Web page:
The nation hooted with laughter when James May strapped a colander to his head and biked the length of Vietnam.
The Top Gear presenter could have hurtled across the country sporting a pair of comedy underpants decorated with Jeremy Clarkson’s craggy features for all anyone cared. Developing countries have better things to do than fret about motorcycle safety, right?
Wrong. Official stats show that one motorcyclist dies on the roads of Vietnam every hour of the day, every day of the week, every week of the year. The real figure may be far worse. The latest research suggests the actual death toll on roads may be unreported by a staggering 30%.
In Vietnam the authorities made helmet-wearing compulsory as far back as 2001. The law was widely ignored, so in 2007 it was toughened up, at least 90% of adults now wear them. The ones that don’t are, children. A legal loophole means under-14s don’t have to, and the vast majority don’t. The slaughter on the roads continues.
Like Vietnamese Children many in the UK believed they too should be exempt from the rules. There was a storm of protest in 1973 when helmets were made compulsory. Hell’s Angels claimed it stripped them of their manhood. Mods claimed it was a fashion disaster. Some said helmets were constricting and therefore dangerous. Sikhs argued, successfully, that it was incompatible with their religion, and were exempted.
Many maintained and continue to believe the issue should be a matter of personal choice and freedom. Mr May certainly thinks so. He usually wears one himself but doesn’t think he should have to, and is heartened that the fixed penalty fare of just £30 is so low. He once struck a £100 bet with Mr Clarkson that he couldn’t drive from his Hammersmith home to Piccadilly Circus lid-free without being pulled over by the police. His view is a simple one – it’s my head, it’s my business.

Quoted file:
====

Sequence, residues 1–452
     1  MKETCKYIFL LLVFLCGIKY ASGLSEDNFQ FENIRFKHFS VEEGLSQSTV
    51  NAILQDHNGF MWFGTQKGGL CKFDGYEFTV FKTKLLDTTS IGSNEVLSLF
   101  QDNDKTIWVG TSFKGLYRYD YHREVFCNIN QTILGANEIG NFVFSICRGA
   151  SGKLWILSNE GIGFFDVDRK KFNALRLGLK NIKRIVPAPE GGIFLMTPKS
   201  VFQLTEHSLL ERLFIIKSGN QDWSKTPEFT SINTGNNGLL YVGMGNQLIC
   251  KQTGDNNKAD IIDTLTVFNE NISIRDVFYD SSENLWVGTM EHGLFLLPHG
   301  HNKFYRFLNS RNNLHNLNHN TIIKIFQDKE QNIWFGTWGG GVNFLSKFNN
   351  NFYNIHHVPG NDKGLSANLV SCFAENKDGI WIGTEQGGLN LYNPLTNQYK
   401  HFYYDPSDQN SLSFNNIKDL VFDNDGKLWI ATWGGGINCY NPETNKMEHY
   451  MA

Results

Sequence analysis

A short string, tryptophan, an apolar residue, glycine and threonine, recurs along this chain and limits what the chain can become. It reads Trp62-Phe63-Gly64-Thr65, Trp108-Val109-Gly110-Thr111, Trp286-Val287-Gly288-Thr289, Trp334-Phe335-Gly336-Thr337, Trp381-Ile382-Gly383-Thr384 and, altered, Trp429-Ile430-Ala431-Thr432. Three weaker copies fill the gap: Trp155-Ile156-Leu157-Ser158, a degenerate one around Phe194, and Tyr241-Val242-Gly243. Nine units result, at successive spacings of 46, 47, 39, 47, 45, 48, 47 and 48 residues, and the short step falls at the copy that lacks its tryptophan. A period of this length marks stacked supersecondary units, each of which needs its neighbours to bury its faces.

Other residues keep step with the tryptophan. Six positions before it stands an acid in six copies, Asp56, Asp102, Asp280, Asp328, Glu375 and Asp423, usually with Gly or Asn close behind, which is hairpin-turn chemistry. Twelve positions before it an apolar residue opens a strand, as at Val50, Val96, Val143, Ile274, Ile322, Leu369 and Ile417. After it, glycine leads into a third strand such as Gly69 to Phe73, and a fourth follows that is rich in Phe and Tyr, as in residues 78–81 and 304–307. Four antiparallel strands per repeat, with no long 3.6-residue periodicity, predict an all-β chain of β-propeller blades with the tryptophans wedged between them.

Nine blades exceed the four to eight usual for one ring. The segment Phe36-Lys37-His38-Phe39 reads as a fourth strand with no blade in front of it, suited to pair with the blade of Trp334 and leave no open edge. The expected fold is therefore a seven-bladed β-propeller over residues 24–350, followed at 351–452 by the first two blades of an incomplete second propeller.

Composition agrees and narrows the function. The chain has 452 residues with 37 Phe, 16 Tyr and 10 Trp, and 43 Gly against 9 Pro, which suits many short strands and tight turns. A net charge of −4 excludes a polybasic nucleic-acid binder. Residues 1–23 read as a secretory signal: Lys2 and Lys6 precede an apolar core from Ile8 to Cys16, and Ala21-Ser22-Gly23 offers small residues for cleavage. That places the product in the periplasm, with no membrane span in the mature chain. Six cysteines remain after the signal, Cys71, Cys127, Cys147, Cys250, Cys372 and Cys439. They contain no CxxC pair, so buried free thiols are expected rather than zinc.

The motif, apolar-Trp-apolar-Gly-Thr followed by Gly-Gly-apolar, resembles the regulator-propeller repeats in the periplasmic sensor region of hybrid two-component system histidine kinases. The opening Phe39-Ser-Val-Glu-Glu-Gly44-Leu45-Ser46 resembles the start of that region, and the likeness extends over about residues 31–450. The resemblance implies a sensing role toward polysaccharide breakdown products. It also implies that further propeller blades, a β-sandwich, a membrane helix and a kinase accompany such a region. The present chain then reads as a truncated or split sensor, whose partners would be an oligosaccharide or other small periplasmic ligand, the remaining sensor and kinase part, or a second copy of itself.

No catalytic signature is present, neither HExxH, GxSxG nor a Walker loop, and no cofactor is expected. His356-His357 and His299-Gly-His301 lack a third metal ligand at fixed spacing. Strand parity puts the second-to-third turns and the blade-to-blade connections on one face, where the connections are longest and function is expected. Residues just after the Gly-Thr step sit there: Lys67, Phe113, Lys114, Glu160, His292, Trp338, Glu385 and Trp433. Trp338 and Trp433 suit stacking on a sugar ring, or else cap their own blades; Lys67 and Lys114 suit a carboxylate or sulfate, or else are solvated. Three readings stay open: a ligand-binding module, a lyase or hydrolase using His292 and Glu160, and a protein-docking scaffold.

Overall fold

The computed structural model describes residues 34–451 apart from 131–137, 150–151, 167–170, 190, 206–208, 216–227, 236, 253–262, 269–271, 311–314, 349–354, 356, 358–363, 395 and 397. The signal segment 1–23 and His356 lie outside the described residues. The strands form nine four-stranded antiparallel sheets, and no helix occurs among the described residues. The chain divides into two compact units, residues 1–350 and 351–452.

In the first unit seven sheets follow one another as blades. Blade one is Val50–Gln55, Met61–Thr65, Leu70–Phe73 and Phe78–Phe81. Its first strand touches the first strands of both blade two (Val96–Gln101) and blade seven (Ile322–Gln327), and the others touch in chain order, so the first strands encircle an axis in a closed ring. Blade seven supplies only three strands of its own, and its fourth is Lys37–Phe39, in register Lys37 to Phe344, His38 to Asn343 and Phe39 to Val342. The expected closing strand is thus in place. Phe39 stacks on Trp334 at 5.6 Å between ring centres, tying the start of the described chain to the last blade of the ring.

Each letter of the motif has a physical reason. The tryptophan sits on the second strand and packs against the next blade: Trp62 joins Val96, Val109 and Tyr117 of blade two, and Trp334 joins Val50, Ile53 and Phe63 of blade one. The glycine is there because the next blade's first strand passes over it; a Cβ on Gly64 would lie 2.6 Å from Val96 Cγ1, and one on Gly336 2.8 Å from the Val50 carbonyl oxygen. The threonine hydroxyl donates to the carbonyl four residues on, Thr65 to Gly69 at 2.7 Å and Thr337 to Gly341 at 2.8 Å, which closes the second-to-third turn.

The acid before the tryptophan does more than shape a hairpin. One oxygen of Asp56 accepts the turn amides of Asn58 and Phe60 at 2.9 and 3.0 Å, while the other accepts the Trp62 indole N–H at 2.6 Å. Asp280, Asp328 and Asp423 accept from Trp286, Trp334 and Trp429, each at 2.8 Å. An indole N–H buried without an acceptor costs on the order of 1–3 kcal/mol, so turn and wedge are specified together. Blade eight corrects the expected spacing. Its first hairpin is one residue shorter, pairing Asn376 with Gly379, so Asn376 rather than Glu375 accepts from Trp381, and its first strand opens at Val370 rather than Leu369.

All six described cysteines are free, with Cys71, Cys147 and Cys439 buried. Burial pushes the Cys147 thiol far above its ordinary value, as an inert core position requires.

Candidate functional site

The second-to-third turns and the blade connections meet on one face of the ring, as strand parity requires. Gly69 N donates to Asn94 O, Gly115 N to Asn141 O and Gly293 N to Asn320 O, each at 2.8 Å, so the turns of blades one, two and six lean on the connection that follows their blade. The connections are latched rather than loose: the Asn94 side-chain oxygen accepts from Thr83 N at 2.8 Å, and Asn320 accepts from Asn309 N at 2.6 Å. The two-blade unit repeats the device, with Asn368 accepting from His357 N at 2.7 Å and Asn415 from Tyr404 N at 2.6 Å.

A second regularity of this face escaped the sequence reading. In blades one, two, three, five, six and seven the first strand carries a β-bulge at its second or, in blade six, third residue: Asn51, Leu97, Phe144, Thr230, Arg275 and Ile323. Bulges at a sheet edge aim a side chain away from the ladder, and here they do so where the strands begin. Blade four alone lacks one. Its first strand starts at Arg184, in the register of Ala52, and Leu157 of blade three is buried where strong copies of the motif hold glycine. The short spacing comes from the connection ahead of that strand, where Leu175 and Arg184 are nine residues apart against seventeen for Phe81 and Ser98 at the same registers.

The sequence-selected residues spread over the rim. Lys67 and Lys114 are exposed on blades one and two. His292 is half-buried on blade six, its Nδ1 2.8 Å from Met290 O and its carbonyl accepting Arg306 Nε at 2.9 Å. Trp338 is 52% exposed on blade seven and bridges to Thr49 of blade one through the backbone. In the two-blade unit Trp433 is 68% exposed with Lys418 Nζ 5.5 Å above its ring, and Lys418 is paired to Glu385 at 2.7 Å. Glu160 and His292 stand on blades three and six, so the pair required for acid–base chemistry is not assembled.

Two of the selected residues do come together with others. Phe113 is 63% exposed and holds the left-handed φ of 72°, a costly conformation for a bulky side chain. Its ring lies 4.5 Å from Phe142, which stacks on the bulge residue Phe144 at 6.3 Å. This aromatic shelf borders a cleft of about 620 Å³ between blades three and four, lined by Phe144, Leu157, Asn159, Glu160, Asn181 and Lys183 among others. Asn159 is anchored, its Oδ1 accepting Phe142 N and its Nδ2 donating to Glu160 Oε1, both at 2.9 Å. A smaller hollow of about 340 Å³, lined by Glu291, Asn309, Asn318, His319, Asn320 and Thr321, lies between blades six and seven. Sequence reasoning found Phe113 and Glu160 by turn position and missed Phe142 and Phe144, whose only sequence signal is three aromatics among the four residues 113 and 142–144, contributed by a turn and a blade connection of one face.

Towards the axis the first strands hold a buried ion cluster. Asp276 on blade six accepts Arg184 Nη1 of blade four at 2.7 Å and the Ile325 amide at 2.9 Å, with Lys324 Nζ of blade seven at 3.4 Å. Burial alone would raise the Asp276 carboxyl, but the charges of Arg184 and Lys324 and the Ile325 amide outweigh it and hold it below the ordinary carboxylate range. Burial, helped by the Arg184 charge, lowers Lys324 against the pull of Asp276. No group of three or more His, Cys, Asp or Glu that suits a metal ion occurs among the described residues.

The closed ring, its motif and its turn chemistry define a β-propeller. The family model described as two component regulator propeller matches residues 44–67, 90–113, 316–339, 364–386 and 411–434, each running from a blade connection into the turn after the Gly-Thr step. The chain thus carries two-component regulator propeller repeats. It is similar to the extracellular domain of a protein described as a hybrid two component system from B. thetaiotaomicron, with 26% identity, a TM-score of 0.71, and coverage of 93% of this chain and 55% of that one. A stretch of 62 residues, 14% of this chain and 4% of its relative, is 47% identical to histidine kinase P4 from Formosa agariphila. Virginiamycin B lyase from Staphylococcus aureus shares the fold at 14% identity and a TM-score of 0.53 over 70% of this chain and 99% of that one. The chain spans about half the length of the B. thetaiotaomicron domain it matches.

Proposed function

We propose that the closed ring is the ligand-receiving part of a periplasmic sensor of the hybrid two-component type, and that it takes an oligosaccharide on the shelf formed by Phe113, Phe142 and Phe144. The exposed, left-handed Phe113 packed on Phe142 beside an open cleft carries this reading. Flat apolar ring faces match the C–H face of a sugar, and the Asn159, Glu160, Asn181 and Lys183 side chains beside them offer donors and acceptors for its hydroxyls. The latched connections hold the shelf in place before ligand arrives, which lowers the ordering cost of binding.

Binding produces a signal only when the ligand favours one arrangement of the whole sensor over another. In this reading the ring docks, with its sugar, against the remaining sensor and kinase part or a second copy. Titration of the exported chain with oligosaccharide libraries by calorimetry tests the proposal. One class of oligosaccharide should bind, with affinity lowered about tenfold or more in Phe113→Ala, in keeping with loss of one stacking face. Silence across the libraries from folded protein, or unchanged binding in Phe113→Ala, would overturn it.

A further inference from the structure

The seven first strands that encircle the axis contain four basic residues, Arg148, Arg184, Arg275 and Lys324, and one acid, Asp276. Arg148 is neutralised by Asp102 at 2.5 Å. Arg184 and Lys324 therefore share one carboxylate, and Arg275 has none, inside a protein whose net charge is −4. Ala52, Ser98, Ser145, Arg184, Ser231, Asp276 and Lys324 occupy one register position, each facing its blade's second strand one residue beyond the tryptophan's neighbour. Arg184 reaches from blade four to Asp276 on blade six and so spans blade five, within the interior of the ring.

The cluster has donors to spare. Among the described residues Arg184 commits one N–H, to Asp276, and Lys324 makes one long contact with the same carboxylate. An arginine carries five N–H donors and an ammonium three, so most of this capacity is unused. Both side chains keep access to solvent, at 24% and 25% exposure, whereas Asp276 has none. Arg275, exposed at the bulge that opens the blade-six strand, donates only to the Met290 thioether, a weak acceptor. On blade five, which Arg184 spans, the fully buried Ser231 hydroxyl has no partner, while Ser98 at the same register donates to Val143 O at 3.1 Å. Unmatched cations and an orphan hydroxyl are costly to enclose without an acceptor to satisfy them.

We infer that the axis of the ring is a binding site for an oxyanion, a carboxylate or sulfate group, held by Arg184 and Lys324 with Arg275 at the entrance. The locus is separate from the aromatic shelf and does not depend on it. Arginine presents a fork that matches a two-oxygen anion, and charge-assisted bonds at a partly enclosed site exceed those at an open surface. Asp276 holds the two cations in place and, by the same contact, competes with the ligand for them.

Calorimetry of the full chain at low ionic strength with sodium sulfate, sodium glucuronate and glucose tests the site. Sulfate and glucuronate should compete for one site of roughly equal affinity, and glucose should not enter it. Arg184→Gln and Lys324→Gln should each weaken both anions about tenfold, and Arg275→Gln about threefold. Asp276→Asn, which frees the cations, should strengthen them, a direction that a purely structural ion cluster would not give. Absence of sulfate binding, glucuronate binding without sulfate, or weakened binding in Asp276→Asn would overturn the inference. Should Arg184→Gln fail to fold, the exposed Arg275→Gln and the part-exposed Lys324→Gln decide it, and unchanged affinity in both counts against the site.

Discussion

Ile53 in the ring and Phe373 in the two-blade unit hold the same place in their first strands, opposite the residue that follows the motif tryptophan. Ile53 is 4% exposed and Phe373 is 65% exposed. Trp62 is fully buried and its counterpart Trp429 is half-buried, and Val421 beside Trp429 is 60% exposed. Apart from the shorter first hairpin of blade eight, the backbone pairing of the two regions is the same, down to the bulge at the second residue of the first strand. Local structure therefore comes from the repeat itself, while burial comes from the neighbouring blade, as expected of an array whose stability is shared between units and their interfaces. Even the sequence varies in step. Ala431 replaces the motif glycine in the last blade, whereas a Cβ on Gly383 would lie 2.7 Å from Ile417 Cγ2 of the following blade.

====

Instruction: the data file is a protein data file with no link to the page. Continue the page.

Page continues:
Is it? Victims pay a heavy price, but others count the cost. Every year UK taxpayers cough up around 100 million pounds to cover the medical costs for victims of motorbike personal injuries who have sustained head or brain injuries. Around 80% of all motorbike accident fatalities result from head injuries, according to the DoT. Many thousands of the survivors require lifelong care following their accidents, with insurers paying out hefty sums for loss of earnings and personal injury claims. Why not check out our compensation calculator and see how much personal injury claims are worth.
Stats Speak Volumes
So does wearing a helmet save lives? It’s surprising the debate is still alive, given the evidence is piled high.
- 362 motorcyclists were killed in 2011
- Extensive studies in the UK show that helmets reduce the risk of incurring serious head injuries by 69%, and death by 40%.
- Motorbike accidents account for a modest 1% of the UK’s annual road traffic accidents, but they are responsible for a staggering 20% of all deaths and injuries.
- Motorcyclists are 40 times more likely to be killed than any other road user per mile travelled.
Are these figures unexpected? Hardly, given the lack of protection afforded to motorcycles – no seatbelts, airbags or crumple zones. Promisingly, fatalities in the UK are decreasing by an average of 10% each year and Scotland accounted for the smallest number of minor incidents – 491 compared to London’s 4,454.
Any Old Helmet Won’t Do
James May’s attitude to helmets hasn’t convinced any politicians and UK law still requires bikers to sport them. In fact each and every helmet sold in the UK must undergo rigorous tests to meet British safety standards. Helmets decorated with the British Kitemark or European equivalent are road safe – strictly no colanders.
Helmets vary in all manner of things; quality, price, shape and size, but the most important thing to check is its fit. A comprehensive study taken from across Europe showed that 12% of helmets were actually lost on impact. What’s the difference between a one-star helmet and a five-star helmet? Nothing, if it doesn’t fit properly.
Those who remain unconvinced by the stats are in for a shock. Since the 1980’s it’s become commonplace for insurers to reduce damages by up to 25% on the grounds of contributory negligence. Although each incident is circumstantial, and more often than not motorcyclists suffer at the hands of reckless car drivers, helmetless bikers will always pay the price. Physically and financially.